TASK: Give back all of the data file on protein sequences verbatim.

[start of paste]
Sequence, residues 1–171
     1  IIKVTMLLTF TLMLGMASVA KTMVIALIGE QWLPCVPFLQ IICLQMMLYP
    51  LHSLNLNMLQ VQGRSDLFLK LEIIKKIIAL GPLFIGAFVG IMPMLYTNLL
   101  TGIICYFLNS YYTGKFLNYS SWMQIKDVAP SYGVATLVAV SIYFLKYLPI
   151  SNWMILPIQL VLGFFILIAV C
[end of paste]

Sequence, residues 1–171
     1  IIKVTMLLTF TLMLGMASVA KTMVIALIGE QWLPCVPFLQ IICLQMMLYP
    51  LHSLNLNMLQ VQGRSDLFLK LEIIKKIIAL GPLFIGAFVG IMPMLYTNLL
   101  TGIICYFLNS YYTGKFLNYS SWMQIKDVAP SYGVATLVAV SIYFLKYLPI
   151  SNWMILPIQL VLGFFILIAV C